Beverle: Anne Rice's book presents the castrati as larger than life. Many of them were famous, but they were still real people and I wanted to represent them as such. Everything that Tito does or is has a basis in fact. They were tall because the hormonal manipulations led to an excess of growth hormone (testosterone usually suppresses GH at puberty)

Kim: You use the life of Farinelli (Carlo Broschi) to tell people more about the castrati on your website. How heavily did you draw on the real life historical castrati in creating Tito as a person and in depicting his life, and which one(s).

Beverle: Farinelli is a hero of mine. I keep one of his portraits on my desk as I write. In personality, Tito is very like him. CRUEL MUSIC, the third Tito book which will come out in fall of 2006, involves Tito playing the role of music therapist just as Farinelli did for the King of Spain. I originally considered making Farinelli my sleuth but realized that the details of a real person's life hems a writer in a good deal. I'm glad I didn't try to do that.

Kim: When I think of your books, I think of something filled with bravura color, life, dramatics and thrills - much like an operatic performance. These are NOT effete intellectual exercises, such as some might assume who think of opera itself that way. They're fun, fast paced, action filled romps. Do you think your fondness for opera has influenced your actual writing style, beyond its obvious influence in providing a setting you were interested in and a natural environment for Tito.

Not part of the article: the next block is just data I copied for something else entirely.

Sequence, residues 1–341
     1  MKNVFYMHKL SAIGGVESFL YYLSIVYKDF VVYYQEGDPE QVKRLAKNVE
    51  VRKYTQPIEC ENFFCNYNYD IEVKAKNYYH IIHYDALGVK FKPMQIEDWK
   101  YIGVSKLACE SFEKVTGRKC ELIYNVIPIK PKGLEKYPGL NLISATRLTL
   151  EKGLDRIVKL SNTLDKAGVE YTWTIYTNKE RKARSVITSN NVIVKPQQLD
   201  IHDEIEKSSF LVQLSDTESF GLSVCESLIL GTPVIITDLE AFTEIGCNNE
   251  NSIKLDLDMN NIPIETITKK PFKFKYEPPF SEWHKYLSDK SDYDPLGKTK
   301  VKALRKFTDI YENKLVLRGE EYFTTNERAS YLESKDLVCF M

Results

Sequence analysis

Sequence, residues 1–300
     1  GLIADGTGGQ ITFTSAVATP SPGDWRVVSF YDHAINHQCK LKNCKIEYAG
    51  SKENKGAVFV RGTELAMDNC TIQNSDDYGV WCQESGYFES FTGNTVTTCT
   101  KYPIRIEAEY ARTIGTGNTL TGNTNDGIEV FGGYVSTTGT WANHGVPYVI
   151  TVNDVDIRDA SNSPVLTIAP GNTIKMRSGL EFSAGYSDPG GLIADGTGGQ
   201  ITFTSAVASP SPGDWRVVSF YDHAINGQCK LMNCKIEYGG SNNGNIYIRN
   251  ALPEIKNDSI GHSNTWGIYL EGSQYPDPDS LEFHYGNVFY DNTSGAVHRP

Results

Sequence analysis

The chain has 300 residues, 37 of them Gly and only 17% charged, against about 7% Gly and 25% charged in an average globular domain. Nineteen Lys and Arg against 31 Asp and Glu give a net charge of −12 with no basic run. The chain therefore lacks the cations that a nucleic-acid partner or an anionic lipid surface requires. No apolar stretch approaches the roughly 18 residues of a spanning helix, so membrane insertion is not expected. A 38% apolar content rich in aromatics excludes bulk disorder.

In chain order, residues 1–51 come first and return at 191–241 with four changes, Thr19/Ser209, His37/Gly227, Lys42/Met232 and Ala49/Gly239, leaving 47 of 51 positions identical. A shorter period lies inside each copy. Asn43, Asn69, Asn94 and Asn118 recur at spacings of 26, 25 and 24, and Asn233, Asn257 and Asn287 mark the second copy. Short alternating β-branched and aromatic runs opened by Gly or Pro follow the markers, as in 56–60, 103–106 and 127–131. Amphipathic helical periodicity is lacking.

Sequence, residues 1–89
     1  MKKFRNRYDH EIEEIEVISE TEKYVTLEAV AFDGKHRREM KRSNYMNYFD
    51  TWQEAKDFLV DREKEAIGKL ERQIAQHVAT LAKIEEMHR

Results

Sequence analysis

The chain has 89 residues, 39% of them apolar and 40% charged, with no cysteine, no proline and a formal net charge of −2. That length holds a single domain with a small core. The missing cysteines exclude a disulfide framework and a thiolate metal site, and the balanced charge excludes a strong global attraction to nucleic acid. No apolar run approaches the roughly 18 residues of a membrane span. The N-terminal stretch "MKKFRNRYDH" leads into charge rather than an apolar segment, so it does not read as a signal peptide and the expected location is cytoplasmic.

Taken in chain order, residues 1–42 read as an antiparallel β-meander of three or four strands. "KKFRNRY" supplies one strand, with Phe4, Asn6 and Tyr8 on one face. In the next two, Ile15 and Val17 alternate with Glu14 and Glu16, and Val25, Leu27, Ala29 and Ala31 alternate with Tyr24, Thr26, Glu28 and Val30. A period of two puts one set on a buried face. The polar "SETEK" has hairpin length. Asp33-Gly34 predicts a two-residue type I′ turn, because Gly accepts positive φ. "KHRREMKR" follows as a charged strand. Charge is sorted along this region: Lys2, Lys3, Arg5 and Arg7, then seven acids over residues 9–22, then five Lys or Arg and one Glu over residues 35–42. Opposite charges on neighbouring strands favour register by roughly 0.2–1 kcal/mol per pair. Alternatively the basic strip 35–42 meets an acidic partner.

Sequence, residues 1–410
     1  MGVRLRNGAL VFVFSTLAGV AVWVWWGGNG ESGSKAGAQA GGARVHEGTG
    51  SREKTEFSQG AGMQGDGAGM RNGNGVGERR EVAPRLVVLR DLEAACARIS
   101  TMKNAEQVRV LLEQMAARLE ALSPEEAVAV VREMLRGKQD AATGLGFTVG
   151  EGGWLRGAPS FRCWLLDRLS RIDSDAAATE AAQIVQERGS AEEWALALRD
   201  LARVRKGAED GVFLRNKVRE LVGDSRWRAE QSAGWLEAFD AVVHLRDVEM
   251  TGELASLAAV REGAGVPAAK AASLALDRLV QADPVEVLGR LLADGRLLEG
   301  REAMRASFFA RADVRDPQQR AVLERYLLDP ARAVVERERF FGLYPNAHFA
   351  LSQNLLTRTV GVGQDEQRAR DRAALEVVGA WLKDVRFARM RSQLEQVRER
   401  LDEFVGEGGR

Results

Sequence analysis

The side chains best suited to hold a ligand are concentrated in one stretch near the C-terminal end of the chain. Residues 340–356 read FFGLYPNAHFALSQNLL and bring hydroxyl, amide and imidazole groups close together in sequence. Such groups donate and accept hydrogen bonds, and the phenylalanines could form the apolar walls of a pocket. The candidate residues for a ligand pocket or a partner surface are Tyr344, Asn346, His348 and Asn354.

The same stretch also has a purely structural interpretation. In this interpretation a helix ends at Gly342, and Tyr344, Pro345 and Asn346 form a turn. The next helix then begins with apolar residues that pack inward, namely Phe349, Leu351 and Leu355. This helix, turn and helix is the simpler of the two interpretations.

Beverle: It's such fun when readers enter into the spirit of the books. So far, I've written the books as if they could be translated to the stage--four acts; scenes for solo arias, duets, quartets; themes of revenge, unrequited love, sacrifice, cruelty, bravery, loyalty, the stuff of which opera is made.

Kim: Also, do you think your past background in medicine and public psychiatry influenced your writing? I wondered particularly about the psychiatry, since Tito is such an engaging, appealing hero and so much of my pleasure in the books is being able to really see the world through the eyes of someone with an entirely different perspective from my own, and one that includes a lot of mental scars to go with the physical.

Beverle: I put all of my main characters "on the couch" and write out a psycho-social history for each one, just as I would if I were doing a full psychiatric exam on a patient. I know all their fears, desires, and hidden secrets. My plots grow out of this, so my novels are definitely character driven.

Kim: Another thing I've really enjoyed in your books that I don't think gets mentioned enough is your vivid depiction of 18th century Venice itself. It's a living, breathing city full of street life and politics, not just a one dimensional dramatic stage set or the tour guide version. And it's not a setting that has been used very much elsewhere. How do you as a writer of historical mysteries see that past setting for yourself and bring it to such vivid life for modern readers?

Beverle: For me, this is the hardest part of writing historical fiction. I rely heavily on the memoirs and autobiographical material from contemporaries. Fortunately, Venice has been a tourist destination for a long time. It is such a unique city that many literary types have felt compelled to describe their Venetian experiences. My list of sources includes Casanova, Goethe, Lorenzo DaPonte (who was Mozart's librettist), Mozart himself, even Mark Twain. I also collect copies of paintings of the period. I take a magnifying glass to scenes set on a canal or piazza and study what the background figures are up to, what they're wearing, etc.

Kim: A somewhat related question - I've found that there's a great deal of difference of opinion even among fans of historical mysteries about the need for historical accuracy vs simply creating some sort of a period feel. How important do you think accuracy is in historical mysteries?